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Why do people feel obligated to look after abusive parents?


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Old 2nd December 2012, 6:37 AM   #1
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Why do people feel obligated to look after abusive parents?

I don't understand this at all. His parents were both emotionally and physically abusive pretty severely. I don't know why my grandparents even had children. Yet only my aunt has sought out counseling. My dad hates his mother yet no one forced him to live near her. My dad is a control freak and takes over (as always) on purpose just so he can complain that he does everything (as always). He complains that he only sees her. We found out that he lies, no surprise. I mean as my grandparents was abusive, so I Blame them for their children (my dad and siblings) not wanting much to do with them. Is it any wonder? Why doesn't my dad blame his mum instead?
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Old 2nd December 2012, 4:15 PM   #2
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Sounds like your dad's issues may be the result of his abuse. Sometimes people grow up with one way of thinking, because that's all they know...even if they hate their parents for it. My mom recently admitted she hated the things my grandparents did, but she found herself doing those things as a parent, because it's the only thing you knew....but at the same time a part of you knows it wasn't right.
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Old 2nd December 2012, 6:50 PM   #3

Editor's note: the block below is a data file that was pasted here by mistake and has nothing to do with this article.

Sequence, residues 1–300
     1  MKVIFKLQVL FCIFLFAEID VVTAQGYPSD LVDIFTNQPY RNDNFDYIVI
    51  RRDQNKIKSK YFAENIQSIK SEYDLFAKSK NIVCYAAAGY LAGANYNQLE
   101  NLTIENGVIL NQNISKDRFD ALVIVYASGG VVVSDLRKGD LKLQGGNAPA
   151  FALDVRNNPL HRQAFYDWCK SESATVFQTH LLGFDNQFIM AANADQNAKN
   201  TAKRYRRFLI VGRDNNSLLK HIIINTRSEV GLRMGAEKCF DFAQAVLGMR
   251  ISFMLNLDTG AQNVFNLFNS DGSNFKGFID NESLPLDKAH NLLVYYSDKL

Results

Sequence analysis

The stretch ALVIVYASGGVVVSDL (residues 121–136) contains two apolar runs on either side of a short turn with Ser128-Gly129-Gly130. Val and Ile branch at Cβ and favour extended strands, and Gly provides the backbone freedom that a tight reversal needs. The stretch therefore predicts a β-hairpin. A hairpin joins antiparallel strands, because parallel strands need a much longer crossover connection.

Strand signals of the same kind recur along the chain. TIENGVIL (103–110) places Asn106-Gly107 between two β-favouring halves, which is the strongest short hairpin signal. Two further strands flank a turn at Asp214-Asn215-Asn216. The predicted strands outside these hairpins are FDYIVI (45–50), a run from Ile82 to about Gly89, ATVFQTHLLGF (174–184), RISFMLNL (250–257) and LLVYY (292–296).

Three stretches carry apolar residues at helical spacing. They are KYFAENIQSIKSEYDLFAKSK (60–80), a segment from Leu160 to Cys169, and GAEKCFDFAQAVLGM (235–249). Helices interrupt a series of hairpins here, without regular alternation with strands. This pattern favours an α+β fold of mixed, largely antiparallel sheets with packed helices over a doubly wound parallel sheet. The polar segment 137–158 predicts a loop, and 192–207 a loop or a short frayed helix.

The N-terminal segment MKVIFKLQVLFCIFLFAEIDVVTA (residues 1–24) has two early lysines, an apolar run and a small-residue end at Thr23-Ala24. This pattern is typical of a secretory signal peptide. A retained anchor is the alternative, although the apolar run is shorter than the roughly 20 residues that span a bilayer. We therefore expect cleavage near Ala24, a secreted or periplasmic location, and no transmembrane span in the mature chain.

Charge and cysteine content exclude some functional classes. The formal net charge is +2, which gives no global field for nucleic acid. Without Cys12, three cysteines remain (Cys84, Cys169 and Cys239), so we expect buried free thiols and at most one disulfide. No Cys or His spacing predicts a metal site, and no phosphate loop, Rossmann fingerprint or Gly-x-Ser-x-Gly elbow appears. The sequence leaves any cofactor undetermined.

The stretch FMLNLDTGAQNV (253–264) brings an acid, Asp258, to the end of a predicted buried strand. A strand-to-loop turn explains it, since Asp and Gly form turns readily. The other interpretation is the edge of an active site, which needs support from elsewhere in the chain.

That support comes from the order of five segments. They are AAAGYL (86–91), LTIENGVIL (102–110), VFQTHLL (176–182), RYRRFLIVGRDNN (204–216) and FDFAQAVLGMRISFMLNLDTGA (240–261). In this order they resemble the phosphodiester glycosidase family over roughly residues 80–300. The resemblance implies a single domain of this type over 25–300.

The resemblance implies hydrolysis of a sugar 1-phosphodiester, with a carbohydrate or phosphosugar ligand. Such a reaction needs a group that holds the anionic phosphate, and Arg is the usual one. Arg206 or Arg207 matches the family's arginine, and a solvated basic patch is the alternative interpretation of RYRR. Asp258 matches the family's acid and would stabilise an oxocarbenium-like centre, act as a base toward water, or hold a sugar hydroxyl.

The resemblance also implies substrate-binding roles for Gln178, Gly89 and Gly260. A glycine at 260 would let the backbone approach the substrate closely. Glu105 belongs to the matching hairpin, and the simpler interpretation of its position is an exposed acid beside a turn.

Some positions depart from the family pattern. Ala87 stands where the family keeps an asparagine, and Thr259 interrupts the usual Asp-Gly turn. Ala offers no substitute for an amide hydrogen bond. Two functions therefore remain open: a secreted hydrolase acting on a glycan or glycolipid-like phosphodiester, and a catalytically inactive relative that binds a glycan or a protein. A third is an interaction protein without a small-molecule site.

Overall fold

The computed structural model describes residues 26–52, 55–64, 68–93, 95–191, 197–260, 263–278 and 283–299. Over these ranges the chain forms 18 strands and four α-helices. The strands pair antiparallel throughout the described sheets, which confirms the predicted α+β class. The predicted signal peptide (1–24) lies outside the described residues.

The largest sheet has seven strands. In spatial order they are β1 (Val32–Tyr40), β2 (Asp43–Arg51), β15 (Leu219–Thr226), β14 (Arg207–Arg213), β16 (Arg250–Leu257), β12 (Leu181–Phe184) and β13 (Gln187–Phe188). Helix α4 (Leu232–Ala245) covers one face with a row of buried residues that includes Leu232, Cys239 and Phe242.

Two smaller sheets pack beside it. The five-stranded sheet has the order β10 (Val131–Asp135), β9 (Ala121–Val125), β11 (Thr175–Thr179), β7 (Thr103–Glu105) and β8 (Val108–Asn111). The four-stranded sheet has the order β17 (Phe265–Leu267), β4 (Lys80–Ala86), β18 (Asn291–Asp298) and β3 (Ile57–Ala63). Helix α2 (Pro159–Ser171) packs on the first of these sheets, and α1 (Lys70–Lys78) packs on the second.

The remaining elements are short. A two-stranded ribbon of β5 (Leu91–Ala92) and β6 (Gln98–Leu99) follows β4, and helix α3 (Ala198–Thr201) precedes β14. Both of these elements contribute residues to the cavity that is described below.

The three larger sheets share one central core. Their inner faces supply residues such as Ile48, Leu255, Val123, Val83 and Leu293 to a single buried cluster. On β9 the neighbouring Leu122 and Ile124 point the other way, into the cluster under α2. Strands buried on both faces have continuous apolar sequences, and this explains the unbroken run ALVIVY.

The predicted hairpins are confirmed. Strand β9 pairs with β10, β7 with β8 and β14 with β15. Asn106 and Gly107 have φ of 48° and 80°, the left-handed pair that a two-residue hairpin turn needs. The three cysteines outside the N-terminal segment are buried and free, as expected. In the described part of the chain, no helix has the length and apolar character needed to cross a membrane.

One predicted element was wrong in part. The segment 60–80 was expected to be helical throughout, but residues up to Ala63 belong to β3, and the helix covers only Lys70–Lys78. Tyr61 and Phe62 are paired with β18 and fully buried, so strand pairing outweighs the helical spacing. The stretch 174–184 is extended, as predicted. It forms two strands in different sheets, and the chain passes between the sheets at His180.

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The pressure to defend the family unit is overwhelming. If people were honest, most people don't particularly like their relatives, the never got to choose them of course, but most people pretend to love their family. No matter how horrible parents were, the pressure to make up with them before they die is powerful.
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Old 3rd December 2012, 1:21 AM   #4
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@Sugarkane: I dunno exactly what you mean by "abusive" or the level of abuse you're talking about (since we most probably dont have the same level of tolerance/patience anyways)...but to answer your question:

a)they're your parents (or grandparents), no matter how bad they can be...you simply wouldnt even exist if not for them. So its natural to somehow give back something to them rather than get back at them.

b) blood is thicker than water. whevever you are, whatever you may have done, when the ***** hits the fan...you're first inclination would be to run to your blood relatives and they will cover for you (at least, im pretty sure mine would). My dad would be the first one to help me bury the bodies so to speak. Family simply comes first and foremost especially when threatened.

c)"Honor thy mother and father". Dunno if you're Christian or not, but this commandment is 4th/5th one depends, but the point is, its even (ranked) above murder and adultery and stealing...
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Old 3rd December 2012, 11:48 AM   #5
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Quote:
Originally Posted by YorickBrown View Post
@Sugarkane: I dunno exactly what you mean by "abusive" or the level of abuse you're talking about (since we most probably dont have the same level of tolerance/patience anyways)...but to answer your question:

a)they're your parents (or grandparents), no matter how bad they can be...you simply wouldnt even exist if not for them. So its natural to somehow give back something to them rather than get back at them.